Kathy: In terms the headpieces, Ernesto Jardine and Jerry Valentine have been really important. So we’ve been going to old masters for the traditional aspect, and our real forte is the clothing. If you look at the costumes and the leggings with the ladies’ legs together, each costume is actually like a gown. French and Italian designers have really impacted our fashion sense.
Karen: Especially Roberto Cavalli… The thing with him, which wasn’t seen so much this year, was that his mother was a seamstress. He’s focussed a lot on photography and bringing photography to the clothes, so he does a lot of screen printing. There’s a whole segment where he did shots underwater and transposed all these coral shots on to cloth. One season, everything was so fluid and looked like water… So even though we haven’t studied fashion, we enjoy fashion and like to draw things… and Mum has been great in telling us what doesn’t make practical sense!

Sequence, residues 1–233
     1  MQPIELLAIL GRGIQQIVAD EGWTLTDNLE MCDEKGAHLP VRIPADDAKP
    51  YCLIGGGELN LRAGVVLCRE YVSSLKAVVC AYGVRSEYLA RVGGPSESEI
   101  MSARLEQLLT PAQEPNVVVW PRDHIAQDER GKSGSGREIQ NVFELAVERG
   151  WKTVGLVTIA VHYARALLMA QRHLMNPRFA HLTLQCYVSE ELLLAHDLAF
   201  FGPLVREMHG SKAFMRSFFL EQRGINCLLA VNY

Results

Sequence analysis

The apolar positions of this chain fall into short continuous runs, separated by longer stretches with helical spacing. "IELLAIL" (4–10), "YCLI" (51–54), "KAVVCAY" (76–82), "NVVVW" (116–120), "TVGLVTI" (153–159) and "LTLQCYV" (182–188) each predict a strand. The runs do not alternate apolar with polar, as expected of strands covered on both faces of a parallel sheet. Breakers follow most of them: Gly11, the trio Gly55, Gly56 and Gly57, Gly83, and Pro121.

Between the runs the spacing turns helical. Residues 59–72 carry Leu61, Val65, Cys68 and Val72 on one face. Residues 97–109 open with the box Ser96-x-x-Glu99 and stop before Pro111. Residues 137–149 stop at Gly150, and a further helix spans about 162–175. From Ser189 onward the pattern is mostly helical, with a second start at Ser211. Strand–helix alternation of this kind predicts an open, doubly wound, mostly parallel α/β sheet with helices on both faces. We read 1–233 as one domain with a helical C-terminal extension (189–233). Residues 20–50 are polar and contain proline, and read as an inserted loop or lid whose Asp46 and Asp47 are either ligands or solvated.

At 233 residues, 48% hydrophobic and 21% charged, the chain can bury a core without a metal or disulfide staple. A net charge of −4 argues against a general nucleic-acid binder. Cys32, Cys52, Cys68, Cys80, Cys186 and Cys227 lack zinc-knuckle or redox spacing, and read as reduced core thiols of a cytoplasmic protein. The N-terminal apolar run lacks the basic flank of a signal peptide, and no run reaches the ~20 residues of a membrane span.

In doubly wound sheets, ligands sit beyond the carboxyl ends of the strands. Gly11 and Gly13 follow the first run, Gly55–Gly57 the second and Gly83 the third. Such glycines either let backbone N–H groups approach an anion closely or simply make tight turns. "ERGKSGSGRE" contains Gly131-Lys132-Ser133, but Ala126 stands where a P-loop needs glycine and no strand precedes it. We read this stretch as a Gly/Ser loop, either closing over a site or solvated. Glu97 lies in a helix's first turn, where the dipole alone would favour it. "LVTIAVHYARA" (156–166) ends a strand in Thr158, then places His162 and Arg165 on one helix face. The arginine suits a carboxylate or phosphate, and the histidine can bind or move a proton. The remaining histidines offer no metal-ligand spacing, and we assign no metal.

Kathy: And Dad imports textiles so he’s helped, especially with the Monday wear. We wanted something light, but also cost effective. We actually had two designs.
Karen: T here were two designs for the Monday wear. We showed one of them to Wendell and Roger, and we were really excited about the first one. But we’re going to have to re-engineer it for another year, because the design was just so sick! We wanted the Monday wear to be something they can use after, and a kind of gift to our masqueraders, from us to them. But our favourite design was too expensive, so we went with the design that we launched in December. It’s been a real learning experience in terms of our thought process.